As of December, 2009, this blog is inactive at this location. All posts have been transferred to the new location here. You are very welcome to read and comment.

Monday, February 06, 2006

Water of life; Oil of gladness


The Spirit of the Lord is upon me
because he has anointed me!


Behold how good and lovely it is
when brothers live together in unity!
It is fragrant as oil upon the head,
which runs down over the beard;
Fragrant as oil upon the beard of Aaron,
which runs on the collar of his robes.
It is like the dew of Hermon,
like the dew that falls upon the hill of Zion.
For there the Lord hath ordained his blessing,
which is life for evermore! - Psalm 132

Nearer and nearer draws the time.

I'm more or less at peace now that I know what's happening and when, and can focus on the spiritual now. I had planned to prepare myself with a fast for a week but, as I'm dieting anyway, I find myself observing most of the fasting rules without necessarily intending to.

However, on the 18th, I plan to make a personal pilgrimage to the tomb of St Bertram from where Fr Paul has asked me to bring back some water to add to the font. I'll go straight from there, bottle in hand, to Fr Paul's house, where I'll join my fellow catechumen in spending the evening in quiet reflection and prayer. We shall make our confessions, and say the hours. Then in the morning, some friends of mine are arriving and I shall be baptised and chrismated before the Liturgy. The weekend should be a thoroughly spiritual experience and I can't wait. I still have a few nerves about the confession but I'm sure that these will pass.

Goodness! In a fortnight, I'll be Orthodox!

The photograph above is my baptismal Cross, which arrived in this morning's post. It is a replica of the Cross found in the tomb of St Cuthbert at Durham Cathedral.

I'd like to thank everybody who has read and contributed to this blog in any way. You have all be so very inspirational and helpful to my formation so far. It is now almost one year since I started this and I have gained so much. I hope that you have received something here as well. I ask for your continued prayers.

32 comments:

Eric John said...

May St. Cuthbert's prayers be with you for this fortnight and many, many more to come. Amen.

Ian said...

I wish I could be there. It's been a great blessing to share this journey with you, and I pray we can share the journey afterwards as well.

God bless, and be assured of my prayers.

Joe said...

Prayers of course. It is a momentous occasion, but don't worry--the anxiety of the first confession soon wears off.

Joe Zollars

Anonymous said...

Why is there required any confession at all, since, as I understand, you are to be recieved into the Orthodox Church by baptism, and not by Chrismation (in which case I would understand a confession being required)?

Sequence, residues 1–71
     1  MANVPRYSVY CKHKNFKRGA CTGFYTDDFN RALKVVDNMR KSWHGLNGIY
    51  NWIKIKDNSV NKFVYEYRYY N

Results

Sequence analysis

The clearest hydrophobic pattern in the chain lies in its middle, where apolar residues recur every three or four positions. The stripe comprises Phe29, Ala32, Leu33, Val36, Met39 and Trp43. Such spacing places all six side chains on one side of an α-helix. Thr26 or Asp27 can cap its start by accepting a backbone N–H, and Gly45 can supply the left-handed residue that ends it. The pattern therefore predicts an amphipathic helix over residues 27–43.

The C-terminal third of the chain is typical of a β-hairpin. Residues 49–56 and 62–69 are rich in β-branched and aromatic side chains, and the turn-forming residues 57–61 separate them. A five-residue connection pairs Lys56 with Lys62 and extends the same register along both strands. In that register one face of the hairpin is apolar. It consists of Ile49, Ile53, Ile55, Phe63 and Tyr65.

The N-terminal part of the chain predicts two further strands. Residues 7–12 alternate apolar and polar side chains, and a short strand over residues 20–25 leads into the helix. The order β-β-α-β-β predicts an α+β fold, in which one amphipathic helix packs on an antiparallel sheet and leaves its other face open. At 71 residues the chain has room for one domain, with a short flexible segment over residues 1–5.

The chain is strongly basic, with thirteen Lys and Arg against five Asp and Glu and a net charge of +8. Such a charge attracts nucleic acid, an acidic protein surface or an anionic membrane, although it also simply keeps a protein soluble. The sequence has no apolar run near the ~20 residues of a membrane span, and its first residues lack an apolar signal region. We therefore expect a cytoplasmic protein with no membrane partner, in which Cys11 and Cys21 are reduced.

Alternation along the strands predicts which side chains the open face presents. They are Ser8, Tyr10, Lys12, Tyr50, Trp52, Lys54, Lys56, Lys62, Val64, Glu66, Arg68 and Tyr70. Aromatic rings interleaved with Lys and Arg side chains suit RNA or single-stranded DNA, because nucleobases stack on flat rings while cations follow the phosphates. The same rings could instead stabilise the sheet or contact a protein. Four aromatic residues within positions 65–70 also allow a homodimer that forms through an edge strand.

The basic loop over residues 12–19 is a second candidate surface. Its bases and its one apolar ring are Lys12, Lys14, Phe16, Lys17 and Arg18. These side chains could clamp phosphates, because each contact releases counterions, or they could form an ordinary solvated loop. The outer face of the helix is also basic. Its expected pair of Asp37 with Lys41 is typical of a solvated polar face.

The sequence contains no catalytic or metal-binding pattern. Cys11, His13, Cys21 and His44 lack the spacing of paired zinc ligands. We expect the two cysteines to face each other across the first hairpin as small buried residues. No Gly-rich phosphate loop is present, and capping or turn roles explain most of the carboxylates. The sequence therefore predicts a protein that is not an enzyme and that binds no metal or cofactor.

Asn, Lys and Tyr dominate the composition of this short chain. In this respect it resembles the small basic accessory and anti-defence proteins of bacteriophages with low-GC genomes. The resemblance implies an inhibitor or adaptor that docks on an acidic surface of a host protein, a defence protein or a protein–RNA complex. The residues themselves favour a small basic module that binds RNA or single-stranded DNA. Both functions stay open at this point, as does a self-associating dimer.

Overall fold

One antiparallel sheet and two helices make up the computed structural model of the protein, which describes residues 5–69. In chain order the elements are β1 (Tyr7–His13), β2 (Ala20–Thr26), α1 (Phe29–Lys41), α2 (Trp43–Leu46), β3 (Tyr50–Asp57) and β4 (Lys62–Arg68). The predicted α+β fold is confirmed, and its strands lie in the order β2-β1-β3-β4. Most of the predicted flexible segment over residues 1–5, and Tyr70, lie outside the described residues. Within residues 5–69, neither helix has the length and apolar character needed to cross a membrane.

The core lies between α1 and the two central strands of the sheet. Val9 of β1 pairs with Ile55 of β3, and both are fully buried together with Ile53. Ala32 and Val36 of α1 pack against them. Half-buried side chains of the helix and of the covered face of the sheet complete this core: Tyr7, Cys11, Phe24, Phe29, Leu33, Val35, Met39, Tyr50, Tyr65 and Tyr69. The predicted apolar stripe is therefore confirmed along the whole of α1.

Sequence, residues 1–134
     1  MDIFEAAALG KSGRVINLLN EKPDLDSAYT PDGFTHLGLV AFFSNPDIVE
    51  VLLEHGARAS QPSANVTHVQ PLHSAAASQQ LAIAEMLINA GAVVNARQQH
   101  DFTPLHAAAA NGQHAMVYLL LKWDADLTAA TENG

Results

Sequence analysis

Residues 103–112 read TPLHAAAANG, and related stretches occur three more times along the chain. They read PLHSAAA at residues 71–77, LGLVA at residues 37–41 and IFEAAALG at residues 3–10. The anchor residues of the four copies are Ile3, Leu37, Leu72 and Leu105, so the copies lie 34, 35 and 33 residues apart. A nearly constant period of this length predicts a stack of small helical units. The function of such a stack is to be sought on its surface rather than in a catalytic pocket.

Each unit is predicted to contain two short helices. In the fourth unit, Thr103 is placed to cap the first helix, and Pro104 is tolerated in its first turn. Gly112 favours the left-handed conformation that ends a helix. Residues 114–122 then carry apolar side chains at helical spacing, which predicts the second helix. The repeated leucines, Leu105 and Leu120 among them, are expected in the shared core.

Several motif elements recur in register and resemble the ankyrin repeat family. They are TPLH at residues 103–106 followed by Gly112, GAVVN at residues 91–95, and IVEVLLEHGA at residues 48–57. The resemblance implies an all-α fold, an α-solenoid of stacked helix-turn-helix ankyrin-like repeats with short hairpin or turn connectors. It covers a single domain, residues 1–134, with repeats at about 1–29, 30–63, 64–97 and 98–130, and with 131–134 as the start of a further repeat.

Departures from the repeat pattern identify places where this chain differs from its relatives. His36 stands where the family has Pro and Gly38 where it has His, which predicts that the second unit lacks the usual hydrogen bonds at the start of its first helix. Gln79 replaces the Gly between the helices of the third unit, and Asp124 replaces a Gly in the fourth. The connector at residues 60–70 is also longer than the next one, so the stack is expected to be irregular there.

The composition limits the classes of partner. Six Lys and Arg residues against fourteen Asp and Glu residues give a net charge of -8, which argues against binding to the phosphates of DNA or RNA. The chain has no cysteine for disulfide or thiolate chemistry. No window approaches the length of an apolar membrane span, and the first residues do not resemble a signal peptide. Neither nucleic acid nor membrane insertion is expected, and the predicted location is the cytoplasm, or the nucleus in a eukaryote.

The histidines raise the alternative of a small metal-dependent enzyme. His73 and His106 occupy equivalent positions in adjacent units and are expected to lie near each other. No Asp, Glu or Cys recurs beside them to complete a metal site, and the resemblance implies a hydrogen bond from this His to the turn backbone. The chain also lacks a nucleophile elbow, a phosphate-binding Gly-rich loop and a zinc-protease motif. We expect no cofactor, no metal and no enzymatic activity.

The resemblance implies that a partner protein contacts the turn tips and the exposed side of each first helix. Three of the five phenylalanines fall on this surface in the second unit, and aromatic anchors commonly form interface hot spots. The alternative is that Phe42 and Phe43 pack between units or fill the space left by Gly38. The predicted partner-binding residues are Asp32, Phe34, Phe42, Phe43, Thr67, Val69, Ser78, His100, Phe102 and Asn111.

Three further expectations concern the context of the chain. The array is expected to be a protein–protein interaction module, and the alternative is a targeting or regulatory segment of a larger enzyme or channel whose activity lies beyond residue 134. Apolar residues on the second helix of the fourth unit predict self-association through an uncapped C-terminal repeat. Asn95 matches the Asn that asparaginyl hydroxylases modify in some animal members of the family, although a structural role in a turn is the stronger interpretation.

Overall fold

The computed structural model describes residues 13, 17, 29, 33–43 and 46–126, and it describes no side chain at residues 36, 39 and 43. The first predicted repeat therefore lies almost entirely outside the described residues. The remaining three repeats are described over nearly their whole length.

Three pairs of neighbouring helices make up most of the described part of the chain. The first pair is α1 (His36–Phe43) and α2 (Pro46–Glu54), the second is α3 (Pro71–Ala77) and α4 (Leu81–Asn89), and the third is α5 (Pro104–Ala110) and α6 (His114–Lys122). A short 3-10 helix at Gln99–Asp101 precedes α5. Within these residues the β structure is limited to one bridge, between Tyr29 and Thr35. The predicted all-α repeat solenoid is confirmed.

Michael said...

As I understand it, baptism cleanses us from sin and returns us to our pure state of innocence. Absolution does the same thing. In the same way that we confess before receiving absolution, it makes sense for an adult to confess before baptism as well, before receiving the sacramental benefits and grace of Baptism.

That's just my understanding though. It seems to make sense to me.

I would hate to think that I would not be properly prepared for my baptism by not approaching the Sacrament in a properly penitential state.

Many thanks to all for your continued prayers and support. They're much needed and appreciated.

Anonymous said...

Welcome to the Orthodox Church (just a little early).
- Landon

Anonymous said...

Welcome, with love and prayers,

Leetle M.

Barnabas said...

Best of luck Michael! May God bless you and Strengthen you.

Your cross is very nice, I've been trying to get one of those for ages, could you let me know where you got it from?

Aristibule said...

I wear the same cross, and got mine from GalleryByzantium.COM

Of course, Michael is still getting Chrismated - the East retains the ancient practice of Baptism being immediately followed by Chrismation. For adult members there is confession (the same way for infant baptism, where the sponsor would be practicing, and thus recently have confessed.) For years as a Westerner I read various Western theologians calling for a return to the practice of having chrismation (confirmation) at baptism. The only reason the two were separated was because of a period of trauma where bishops were few and far between (which is abnormal as well - every large population should have its own bishop.)

Anonymous said...

I asked about the Confession because, being myself an Easterner I have witnessed several conversions from Pentecostalism to Orthodoxy and the converts were simply baptized, chrismated and then given the Holy Communion, without any prior Confession.
However, I know that the Didache requires that the cathecumens should confess and fast before receiving the Baptism.

ferijen said...

Prayers ascending, Michael, as you make your journey.

Bless your servant, Michael, Lord.